However, the situation is actually a little more complicated than that. Provided you don't become obsessed over the details which will get you down --and provided you're a few paces away--the sporty layout, with a mix of darker surfaces and matte-metallic trims tends to look quite good. That's become increasingly true with the long list of recently redesigned models in this class, like the excellent Hyundai Elantra, the very comfortable Chevy Cruze, or the particularly stylish and fun-to-drive Focus. Remedy Mitsubishi will notify owners, and dealers will replace the affected clutch master cylinders free of charge. On the other hand, the rear seats are quite comfortable, with a generous amount of legroom. The automatic climate control and optional upgraded entertainment system address both comfort and entertainment.
Exterior The styling of the 2013 Mitsubishi Lancer Evolution is reminiscent of a racecar. The bad is that, on any of these models, noise and ride comfort could be deal-breakers. Steering is also nice and direct throughout the lineup, while handling is crisp and responsive for all but the more basic models. While reviewers say the front seats offer good head- and legroom for adults, several say the lack of a telescoping steering wheel and lack of cushioning can make the seats uncomfortable for the driver and front passenger. While there are plenty of more-fuel-efficient choices in the category, and others that offer more features at a lower price, few can match the vibrant driving experience and something-for-everyone model range provided by the Lancer. We would recommend that you take a look at outward visibility on the test drive. The Pikes Peak Hill Climb was originally scheduled for July 8, but organizers delayed the event after wildfires forced… Attending a performance driving school is high on every enthusiast's bucket list.
Take, for example, a fast start with one side of the car on a slippery surface. But step up to the 168-horsepower, 2. If your vehicle is equipped with a Bluetooth® 2. Much of the 2013 Mitsubishi Lancer lineup looks like it would be miserly and fuel-efficient. The Fast Key passive keyless entry system is both a convenience and an additional safety feature. The Ralliart gets a 237-horsepower 2. Much of the detailing of the cabin of the Evolution comes across as somewhat of an afterthought.
The nose of the 2013 Mitsubishi Lancer Evolution can be described only as aggressive. This car was created for the World Rally Championship, where it destroyed competitors and gained admirers. The Evolution is of course the performance star of the lineup. Compared to the sporty indulgence of the exterior design, the cabin looks a little bland. This vehicle offers an impressive array of both active and passive safety features to create a secure environment for both driver and passengers. The engine, while of middling power, moved the car around adequately.
The Fuse system lacks some of Sync's functions and commands, but for the most part, it works pretty well. The dual clutch, six-speed, manual transmission offers up superior control. Those wanting something slightly more subtle may opt for the pristine Apex Silver or Cosmic Blue finishes. The upper trim level's padded door inserts help, but the lingering downmarket feeling persists. It packs a 291-horsepower, 2. Between the two body styles, backseat space is identical, though. So even when a vehicle does include a powered port, the primary use of the port will still be to transmit data.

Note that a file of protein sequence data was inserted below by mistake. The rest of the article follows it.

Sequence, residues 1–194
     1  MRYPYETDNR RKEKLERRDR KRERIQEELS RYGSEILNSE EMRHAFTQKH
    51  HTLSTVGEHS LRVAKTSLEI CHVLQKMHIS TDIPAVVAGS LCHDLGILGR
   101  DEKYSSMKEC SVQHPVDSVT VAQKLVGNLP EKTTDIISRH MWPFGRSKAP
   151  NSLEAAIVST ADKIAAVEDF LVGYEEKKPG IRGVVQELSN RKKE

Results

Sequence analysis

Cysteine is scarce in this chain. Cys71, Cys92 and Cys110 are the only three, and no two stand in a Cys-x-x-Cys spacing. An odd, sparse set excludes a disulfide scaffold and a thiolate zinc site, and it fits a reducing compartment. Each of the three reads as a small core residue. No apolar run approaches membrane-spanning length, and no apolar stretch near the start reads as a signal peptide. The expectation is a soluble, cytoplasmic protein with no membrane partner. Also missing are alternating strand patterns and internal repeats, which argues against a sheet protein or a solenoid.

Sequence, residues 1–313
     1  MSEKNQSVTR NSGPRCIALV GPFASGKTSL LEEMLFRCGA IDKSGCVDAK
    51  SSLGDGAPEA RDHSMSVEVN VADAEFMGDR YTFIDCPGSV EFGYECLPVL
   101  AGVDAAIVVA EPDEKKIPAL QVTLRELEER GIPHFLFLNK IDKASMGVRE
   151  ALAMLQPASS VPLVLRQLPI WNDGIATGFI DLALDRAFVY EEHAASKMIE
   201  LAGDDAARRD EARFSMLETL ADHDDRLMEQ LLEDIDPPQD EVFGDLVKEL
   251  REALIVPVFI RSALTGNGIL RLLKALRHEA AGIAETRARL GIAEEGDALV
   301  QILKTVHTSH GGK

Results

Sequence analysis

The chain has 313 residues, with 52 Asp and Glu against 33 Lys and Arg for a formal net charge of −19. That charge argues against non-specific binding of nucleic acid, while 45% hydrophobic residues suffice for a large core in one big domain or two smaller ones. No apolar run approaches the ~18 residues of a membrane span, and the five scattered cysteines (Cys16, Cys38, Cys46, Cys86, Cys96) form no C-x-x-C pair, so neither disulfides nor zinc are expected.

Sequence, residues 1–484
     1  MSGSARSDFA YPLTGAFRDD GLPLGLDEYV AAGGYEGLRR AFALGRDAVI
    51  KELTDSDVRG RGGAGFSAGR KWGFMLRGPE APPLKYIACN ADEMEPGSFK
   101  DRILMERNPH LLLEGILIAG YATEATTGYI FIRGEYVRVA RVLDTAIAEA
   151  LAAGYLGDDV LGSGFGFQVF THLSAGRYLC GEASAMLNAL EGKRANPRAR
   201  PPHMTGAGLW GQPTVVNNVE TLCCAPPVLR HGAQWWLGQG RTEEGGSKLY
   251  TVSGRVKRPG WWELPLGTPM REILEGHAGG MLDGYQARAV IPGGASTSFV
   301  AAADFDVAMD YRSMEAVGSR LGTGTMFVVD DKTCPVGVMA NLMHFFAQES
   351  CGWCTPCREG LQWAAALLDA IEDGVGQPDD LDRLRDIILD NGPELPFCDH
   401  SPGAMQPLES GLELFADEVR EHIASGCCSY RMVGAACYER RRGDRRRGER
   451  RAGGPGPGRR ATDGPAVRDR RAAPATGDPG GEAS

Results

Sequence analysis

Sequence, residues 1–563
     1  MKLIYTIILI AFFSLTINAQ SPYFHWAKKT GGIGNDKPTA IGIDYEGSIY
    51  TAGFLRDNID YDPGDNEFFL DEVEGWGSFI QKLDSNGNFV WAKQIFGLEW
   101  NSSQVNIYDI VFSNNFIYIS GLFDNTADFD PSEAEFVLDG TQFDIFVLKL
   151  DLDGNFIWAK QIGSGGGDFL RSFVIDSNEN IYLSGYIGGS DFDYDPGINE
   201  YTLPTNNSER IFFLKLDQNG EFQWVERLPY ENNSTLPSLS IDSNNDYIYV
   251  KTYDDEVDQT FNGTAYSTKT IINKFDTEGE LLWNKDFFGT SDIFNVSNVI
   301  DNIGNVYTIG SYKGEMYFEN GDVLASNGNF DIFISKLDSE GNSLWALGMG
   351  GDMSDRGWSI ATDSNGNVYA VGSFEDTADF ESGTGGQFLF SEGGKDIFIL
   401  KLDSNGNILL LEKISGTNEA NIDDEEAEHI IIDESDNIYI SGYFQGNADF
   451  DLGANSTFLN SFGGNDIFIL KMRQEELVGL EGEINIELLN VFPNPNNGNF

Bargain four-wheel drive Among Mitsubishi's limited line of vehicles, the Lancer is the stalwart -- an economy car offered in multiple trims, and with some tech options. Those with back issues need not apply. The slightly widened stance speaks to its powerful capabilities. Even though this line of vehicles has been around for quite some time now, the Evolution is a refreshing step forward. The standard audio system's display washes out in most lighting conditions, making it hard to decipher information at a glance.
Driving Experience It should come as no surprise that driving the 2013 Mitsubishi Lancer Evolution is described as both fun and thrilling. Yet that's not so much the case. The steering wheel does not telescope and most of the seats have no height adjustability, so many drivers will have to adjust to the Lancer driving position rather than vice versa. The 4G63T is a turbocharged, 2. The Evolution has its own exclusive, stronger and performance-focused body structure. I found mid-20s fuel economy was realistic, especially with plenty of freeway driving thrown in. To see what people are paying for Lancers, check out our Fair Purchase Price.
Because of the Lancer's rather tall beltline and thick rear pillars, it could be tough for some to see out when changing lanes or backing up taller drivers won't have issue. And I could also hear it rattle the Lancer's door panels, punctuating the landscape of plastic panels covering the cabin. To us it's just an excellent automatic with manual-shift mode that rifles through gears faster than we ever could. Voice command included with that system works very well. Driving enjoyment is another big plus for the Lancer lineup--provided you don't go with one of the base models. The other engine type is the 4G63T, used in the Evolution sub-model. The Lancer Evolution, however, is definitely the standout.